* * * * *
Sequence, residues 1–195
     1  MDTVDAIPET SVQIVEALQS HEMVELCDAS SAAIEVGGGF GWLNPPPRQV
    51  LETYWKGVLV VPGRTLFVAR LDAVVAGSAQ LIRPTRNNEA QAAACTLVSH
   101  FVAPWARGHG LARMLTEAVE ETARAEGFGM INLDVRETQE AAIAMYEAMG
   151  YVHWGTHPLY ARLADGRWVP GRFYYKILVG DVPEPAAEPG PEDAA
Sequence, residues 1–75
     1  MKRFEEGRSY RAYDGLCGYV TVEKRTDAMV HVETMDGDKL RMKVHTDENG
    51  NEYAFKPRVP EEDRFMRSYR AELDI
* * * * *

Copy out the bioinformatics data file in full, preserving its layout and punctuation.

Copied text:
Sequence, residues 1–195
     1  MDTVDAIPET SVQIVEALQS HEMVELCDAS SAAIEVGGGF GWLNPPPRQV
    51  LETYWKGVLV VPGRTLFVAR LDAVVAGSAQ LIRPTRNNEA QAAACTLVSH
   101  FVAPWARGHG LARMLTEAVE ETARAEGFGM INLDVRETQE AAIAMYEAMG
   151  YVHWGTHPLY ARLADGRWVP GRFYYKILVG DVPEPAAEPG PEDAA
Sequence, residues 1–75
     1  MKRFEEGRSY RAYDGLCGYV TVEKRTDAMV HVETMDGDKL RMKVHTDENG
    51  NEYAFKPRVP EEDRFMRSYR AELDI